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Yes vote

25 Sep 2019, 21:08

Flashman_ wrote:I have voted for every strike called for more than 25 years, in an attempt to stop the destruction of our jobs and preservation of the whole idea of Royal Mail. Despite my commitment to that I feel that the Union has always given in too easily, and will always accept what the company ultimately tells them. This is a game RMG plays, it gives an inch each time, allowing the union to claim victory. However just look at the reality of what happens, the company will always come back(and in recent times more regularly) with even more drastic changes. The job today has almost no resemblance to what it was when I joined as a result of effective Union collusion with the company. We are expected to do more work, we are constantly bullied my managers if we do the job by the book, and want to cut off. Vans are not suitable for the size of packets we now take. Our Pensions have been de-valued and we have to work longer to get them. loss of payments for DtD, later start times (that will have serious consequences for increasing skin cancer rates I believe),loss of shift allowances, effective electronic tagging of all, privatization. The list goes on, but I simply cannot list them all. So what exactly has the Union been up to all this time? When will the Union really draw a line in the sand. The Union really missed the boat the last time when we had overwhelming support for action but then messed it up legally, allowing the momentum to pass to the company. That led to this weak agreement that they are now trying to defend.
I will yet again vote for action, despite not actually being able to afford it any longer, But I will not expect anything from the Union except a rear guard action, as per recent history.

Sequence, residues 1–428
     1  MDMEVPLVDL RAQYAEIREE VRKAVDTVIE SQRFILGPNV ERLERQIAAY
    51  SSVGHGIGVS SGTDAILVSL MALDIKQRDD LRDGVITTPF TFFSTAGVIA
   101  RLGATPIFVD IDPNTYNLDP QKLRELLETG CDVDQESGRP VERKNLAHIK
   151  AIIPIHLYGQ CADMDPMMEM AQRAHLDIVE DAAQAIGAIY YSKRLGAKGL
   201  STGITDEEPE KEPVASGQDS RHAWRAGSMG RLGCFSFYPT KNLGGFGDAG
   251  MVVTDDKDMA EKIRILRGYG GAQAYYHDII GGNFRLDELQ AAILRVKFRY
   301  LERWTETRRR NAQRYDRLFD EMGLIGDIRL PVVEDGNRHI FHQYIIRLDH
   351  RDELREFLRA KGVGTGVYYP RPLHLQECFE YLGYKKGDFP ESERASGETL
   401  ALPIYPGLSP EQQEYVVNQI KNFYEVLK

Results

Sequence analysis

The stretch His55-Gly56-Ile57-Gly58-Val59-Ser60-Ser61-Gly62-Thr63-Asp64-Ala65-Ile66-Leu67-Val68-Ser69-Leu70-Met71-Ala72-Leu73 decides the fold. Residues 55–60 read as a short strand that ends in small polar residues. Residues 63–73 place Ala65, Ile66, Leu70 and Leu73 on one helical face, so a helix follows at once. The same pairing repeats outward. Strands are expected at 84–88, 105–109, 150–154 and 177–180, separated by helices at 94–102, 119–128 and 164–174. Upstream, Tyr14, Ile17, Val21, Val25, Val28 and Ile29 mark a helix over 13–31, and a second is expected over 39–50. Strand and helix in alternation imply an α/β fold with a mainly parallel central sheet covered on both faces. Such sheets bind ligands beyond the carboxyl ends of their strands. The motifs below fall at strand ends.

Just don't expect to have whatever concession the company may give to avoid a strike for long. Given the last mandate that the union had for a strike, we could have demanded much more, and actually may have put a stop to this race to the bottom. However it is the Union leaders and executive that seem to cave in. They do not even have the wit to go to the courts when an agreement is broken by the company. By contrast RMG ran as fast as they could to the courts to stop the last strike, citing a previous no strike deal that the Union and had ridiculously agreed to.




Although I have some sympathy with some of the sentiments of this statement. You can't deny that we are much better payed than we have ever been we have good attendance patterns and the best terms and conditions in the Industry not because of Royal Mails generosity but because of the CWU members who have made sacrifices and slaughtered some sacred cows on the way.

One thing that would focus the CWU more on the concerns on delivering agreements to the membership is to create a purely independent Union and pay for our own officials rather than them being on full release payed by the employer. Members would have to be prepared to pay higher subs but hopefully it could result in better simpler agreements than the complex of double speak we normally get.

I've voted YES.

Yes vote

25 Sep 2019, 21:13